Instead of the traditional teacher-directed approach to a study guide, students when allowed to work in groups are suddenly excited to discuss and review. Students usually go over the material multiple times and in multiple ways as they review. They discuss it, reread things they do not remember, make judgements about what is important, create and answer questions, and help their classmates come to the same answers and conclusions they themselves did.
If you want, you can even use some of the student-created questions to make your test. I tell my students that I will use any particularly excellent questions on the test – talk about motivation for a good review – plus it cuts down on your workload and you were going to ask similar or even the same questions anyway!
Students Doing It for Themselves
A third way to practice student-led teaching is to actually let your students be the teachers. This does not mean that you just hand the class over to the students and it does involve laying a lot of groundwork, but it is an effective and empowering teaching tool when done well. Having your students act as the teachers can mean a lot of different things, but here is one example of how I practice this in my classroom. My eighth graders read three novels and a whole slew of short stories in Literature class each year. By the time we come to the end of the year, my students have a very good idea of what makes an effective discussion question and how to effectively lead a group discussion.
For the last novel of the year, instead of me leading the discussions, each of my students chooses a chapter, designs discussion questions, and then leads the class discussion on that chapter. Students are required to turn in a copy of the discussion questions they will use with their own responses to each before they lead the day’s discussion (this not only lets me see what they think about the questions, but it also allows students to make sure that each of their questions is a good candidate for discussion since they must respond to them in writing before they attempt to use them in class).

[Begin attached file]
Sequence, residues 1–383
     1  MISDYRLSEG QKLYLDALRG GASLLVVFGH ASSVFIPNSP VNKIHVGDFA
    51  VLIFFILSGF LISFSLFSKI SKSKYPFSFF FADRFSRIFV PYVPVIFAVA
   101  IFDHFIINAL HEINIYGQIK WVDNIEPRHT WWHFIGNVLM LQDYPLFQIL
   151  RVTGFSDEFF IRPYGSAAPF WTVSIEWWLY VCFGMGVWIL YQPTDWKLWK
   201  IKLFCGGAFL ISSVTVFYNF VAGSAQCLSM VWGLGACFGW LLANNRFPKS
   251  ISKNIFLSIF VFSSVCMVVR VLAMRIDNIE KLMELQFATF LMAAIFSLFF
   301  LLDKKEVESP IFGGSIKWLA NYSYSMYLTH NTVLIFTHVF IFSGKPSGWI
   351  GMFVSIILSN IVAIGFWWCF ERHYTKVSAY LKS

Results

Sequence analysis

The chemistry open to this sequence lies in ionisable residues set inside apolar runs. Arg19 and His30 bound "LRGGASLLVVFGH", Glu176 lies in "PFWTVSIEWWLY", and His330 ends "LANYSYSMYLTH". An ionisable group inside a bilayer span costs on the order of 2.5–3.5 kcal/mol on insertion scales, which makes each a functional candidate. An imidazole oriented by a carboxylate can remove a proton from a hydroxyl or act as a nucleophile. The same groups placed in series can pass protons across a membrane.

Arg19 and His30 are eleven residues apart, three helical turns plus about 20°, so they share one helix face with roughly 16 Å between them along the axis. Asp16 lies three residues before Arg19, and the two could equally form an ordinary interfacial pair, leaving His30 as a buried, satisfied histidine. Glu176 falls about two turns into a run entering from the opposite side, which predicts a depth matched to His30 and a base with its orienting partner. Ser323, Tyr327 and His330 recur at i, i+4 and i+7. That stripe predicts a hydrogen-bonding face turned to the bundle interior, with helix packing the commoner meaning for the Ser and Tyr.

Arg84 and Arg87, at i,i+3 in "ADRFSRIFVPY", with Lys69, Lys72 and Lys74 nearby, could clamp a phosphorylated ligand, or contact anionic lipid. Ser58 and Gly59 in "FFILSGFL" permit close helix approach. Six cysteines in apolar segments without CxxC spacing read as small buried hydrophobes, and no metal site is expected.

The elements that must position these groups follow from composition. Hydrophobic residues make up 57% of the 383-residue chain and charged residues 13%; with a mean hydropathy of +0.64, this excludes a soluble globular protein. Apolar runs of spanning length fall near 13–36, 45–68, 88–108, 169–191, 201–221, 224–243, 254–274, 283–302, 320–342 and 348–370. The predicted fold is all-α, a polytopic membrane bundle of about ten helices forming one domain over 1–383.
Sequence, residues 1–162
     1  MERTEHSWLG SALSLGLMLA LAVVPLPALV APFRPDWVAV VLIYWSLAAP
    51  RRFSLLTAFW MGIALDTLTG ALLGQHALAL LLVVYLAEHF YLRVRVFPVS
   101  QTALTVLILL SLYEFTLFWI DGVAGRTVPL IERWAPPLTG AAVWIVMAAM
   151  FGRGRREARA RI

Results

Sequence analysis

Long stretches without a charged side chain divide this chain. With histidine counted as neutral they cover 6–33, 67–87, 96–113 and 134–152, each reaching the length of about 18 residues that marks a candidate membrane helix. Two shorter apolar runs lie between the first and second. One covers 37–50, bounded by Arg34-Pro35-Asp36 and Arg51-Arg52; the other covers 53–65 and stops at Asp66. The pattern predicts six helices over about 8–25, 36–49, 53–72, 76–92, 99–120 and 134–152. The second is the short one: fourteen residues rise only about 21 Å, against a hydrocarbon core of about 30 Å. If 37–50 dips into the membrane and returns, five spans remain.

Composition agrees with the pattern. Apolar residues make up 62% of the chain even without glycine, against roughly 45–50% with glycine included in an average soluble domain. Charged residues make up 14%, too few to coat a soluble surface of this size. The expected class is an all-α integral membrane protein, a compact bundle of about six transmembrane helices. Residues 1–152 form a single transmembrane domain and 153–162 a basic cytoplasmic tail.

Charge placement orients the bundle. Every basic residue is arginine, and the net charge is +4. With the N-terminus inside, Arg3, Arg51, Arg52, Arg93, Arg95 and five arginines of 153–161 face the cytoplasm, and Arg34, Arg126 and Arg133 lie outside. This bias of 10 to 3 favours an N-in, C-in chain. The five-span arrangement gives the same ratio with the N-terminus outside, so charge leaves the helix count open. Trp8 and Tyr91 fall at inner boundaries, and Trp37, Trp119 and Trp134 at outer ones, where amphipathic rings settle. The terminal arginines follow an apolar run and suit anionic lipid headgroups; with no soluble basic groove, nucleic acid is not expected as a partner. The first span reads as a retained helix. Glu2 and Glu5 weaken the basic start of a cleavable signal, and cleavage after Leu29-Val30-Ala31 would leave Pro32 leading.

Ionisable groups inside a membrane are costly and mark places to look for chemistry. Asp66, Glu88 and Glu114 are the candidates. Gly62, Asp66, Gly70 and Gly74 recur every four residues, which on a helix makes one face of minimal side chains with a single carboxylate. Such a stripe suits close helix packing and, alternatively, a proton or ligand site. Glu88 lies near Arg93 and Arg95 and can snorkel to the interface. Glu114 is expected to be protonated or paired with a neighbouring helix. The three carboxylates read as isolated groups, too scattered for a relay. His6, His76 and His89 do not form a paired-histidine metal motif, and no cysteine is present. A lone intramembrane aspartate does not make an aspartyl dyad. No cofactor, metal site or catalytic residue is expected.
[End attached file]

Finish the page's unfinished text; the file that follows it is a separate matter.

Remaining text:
During class discussions, I observe and grade students on their questions and how well they lead the discussion, including things like responding to classmates and asking follow-up questions to encourage more depth in the conversation and challenge their classmates’ thoughts and assumptions.
By getting students to lead discussions themselves, students are not simply more invested in the material, but they also pay closer attention to what they have read, push their own analytical skills, and develop a sense of confidence that they don’t need a teacher to tell them what to think or how to read a story. They learn they can do it themselves!
When it comes right down to it, student-led teaching boils down to getting your students to become active participants in your classroom and curriculum. Choice matters even as you guide those choices, review is integral but it is much more effective if you don’t just pour it down students’ throats, and good teaching means creating students who are not dependent on having a teacher.
By practicing student-led teaching, you are empowering your students and encouraging their investment in their own learning, their depth of understanding, and their confidence in themselves.